Shooting shows need for reform

Instapundit has some information that is worth reading on the shooting involving Kathryn Johnson, including some observations by Radley Balko:

According to the Atlanta assistant chief of police:

1) The search warrant was in fact a no-knock warrant.

2) Police claim there was an undercover buy at the residence. The seller was apparently a man — obviously not Ms. Johnston.

3) “Suspected narcotics” were seized from the home, and have been sent to a crime lab for analysis. The assistant chief wouldn’t say how much of the suspected narcotics they found.

4) He also wouldn’t speculate if Johnston herself was involved in dealing drugs, or knew if drugs were being dealt from her home, saying only that both were “under investigation.”

5) He maintains that despite the no-knock warrant police still announced themselves before entering, though he acknowledged moments later that the announcement came as police were battering down the door.

It isn’t at all difficult to see how a 92-year old woman may not have heard or comprehended the announcement.

A reader reminds me that the incident is pretty similar to a police shooting in Alabama this past June, where an innocent, elderly man was shot when police forced entry into his home while looking for his nephew. The man — who had done nothing wrong — also mistook the officers for criminal intruders, and met them with a gun. Fortunately, he survived.

Even assuming the controlled buy, the incident still illustrates the folly of these raids. Paramilitary tactics don’t defuse violent situations, as police groups and their supporters sometimes claim. They create them. They make things more volatile for everyone — cops, suspects, and bystanders. Does anyone honestly believe that Ms. Johnson would have opened fire had a couple of uniformed officers politely knocked on her door, showed her a warrant, and asked if they could come inside?

Violating the sanctity of the home with a violent, forced entry — all to enforce laws against consensual acts — simply isn’t compatible with any honest notion of a free society.

This situation is similar to the Cory Maye case in Mississippi, except Maye didn’t get killed, a police officer in the raid did.

The biggest issue at hand is is the use of “no-knock” warrants (more at Wikipedia). This woman lived in a less than great neighborhood, she had bars on her doors and the fact that she was 92 years old…I cannot fault her for opening fire when she heard someone trying to come through her door. I also cannot fault the police for returning fire.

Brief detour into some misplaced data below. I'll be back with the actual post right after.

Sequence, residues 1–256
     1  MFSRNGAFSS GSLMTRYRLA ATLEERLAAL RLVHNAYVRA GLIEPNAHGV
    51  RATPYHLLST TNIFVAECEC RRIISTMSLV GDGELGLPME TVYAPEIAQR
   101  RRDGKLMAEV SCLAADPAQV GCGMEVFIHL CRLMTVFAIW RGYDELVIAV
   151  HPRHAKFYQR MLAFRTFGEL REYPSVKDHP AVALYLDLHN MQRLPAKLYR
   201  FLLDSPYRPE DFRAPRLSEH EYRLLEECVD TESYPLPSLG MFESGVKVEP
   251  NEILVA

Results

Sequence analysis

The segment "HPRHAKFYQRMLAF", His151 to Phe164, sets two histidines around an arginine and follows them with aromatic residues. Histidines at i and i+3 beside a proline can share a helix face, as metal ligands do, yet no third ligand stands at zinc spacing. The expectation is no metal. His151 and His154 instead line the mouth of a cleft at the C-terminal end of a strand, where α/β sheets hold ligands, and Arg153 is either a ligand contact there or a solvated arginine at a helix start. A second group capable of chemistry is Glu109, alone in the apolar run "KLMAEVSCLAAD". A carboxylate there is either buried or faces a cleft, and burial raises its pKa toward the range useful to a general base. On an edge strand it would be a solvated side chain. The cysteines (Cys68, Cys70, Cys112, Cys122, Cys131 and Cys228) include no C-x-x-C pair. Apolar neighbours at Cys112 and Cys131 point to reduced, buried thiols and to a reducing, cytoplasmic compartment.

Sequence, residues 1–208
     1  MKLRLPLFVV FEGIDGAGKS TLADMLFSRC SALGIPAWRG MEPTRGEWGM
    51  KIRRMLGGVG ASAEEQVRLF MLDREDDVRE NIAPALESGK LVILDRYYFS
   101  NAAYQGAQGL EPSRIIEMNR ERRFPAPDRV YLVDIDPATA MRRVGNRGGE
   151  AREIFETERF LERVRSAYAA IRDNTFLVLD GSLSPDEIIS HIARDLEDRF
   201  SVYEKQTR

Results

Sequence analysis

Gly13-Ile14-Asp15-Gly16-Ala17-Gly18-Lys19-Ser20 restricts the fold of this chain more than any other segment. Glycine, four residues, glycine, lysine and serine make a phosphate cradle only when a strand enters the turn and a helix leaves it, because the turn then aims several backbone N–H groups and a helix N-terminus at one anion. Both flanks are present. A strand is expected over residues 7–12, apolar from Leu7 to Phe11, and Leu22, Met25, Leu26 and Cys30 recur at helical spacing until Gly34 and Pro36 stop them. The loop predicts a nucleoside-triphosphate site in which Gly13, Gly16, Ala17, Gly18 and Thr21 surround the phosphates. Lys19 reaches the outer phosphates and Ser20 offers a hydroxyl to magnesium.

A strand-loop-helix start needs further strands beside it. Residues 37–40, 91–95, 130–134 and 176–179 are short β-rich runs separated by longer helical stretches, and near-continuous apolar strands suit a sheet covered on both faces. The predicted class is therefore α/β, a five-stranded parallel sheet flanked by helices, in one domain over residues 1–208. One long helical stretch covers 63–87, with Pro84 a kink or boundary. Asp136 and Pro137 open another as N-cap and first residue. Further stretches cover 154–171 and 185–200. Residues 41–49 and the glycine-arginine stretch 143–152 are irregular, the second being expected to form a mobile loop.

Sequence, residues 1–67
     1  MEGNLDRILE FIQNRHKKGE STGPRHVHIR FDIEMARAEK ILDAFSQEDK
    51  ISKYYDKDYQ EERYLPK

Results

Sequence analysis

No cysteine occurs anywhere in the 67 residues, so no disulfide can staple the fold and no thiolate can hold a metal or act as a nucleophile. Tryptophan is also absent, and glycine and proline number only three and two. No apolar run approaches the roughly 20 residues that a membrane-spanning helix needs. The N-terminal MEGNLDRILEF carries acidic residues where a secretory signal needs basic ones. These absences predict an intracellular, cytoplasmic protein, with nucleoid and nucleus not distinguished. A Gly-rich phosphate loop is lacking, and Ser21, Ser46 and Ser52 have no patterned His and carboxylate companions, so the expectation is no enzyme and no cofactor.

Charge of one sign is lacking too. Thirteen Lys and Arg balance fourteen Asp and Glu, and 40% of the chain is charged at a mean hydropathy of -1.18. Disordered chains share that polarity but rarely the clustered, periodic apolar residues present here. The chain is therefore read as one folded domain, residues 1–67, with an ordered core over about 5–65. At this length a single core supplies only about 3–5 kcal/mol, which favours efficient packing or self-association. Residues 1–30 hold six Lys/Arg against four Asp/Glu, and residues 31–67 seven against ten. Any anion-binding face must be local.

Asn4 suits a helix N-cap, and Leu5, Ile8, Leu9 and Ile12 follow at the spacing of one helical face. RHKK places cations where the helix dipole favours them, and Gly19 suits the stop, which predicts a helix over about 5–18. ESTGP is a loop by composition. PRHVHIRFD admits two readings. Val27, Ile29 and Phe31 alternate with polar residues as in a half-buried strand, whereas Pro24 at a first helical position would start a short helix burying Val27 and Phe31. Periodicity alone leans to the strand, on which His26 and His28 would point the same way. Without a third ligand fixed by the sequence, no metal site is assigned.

I can fault the Supreme Court though. Earlier this year the court decided that the use of no-knock warrants was constitutional. I told myself when I read the ruling, “people are going to die because of this.”

Of course there is always the underlying issue of the drug war. Which is an issue I try to avoid with my non-libertarian friends. Most of them seem to believe that legalization is approval. I’ve always said that the Libertarian Party needed to moderate it’s stance on the drug war, if not shut up about it. The shooting of Kathryn Johnson should be an eye opener, it has been for me. We need an open and honest debate of the facts and put every possible solution on the table as means to fix the problem and save the lives of innocent individuals that are caught in middle.

  • VRB

    I think legalization of drugs is more acceptable than most people think. I get surprised more often, and for different reasons than suggested here, that drugs should be legal. One is about the suffering that is experienced by terminally ill cancer patients, who can’t have narcotics that would ease pain and keep them functional at the same time. I wonder that if a legalization of drugs question were on more ballots, would it pass?

  • Adam Selene

    Jason, I can, and do, fault the police. Perhaps not those officers right at the scene, although it is hard to imagine how they could have taken less care for the safety of citizens than they did. But the police generally, who behave more as an armed force within a generally hostile population than they do as people who are here to “protect and serve”.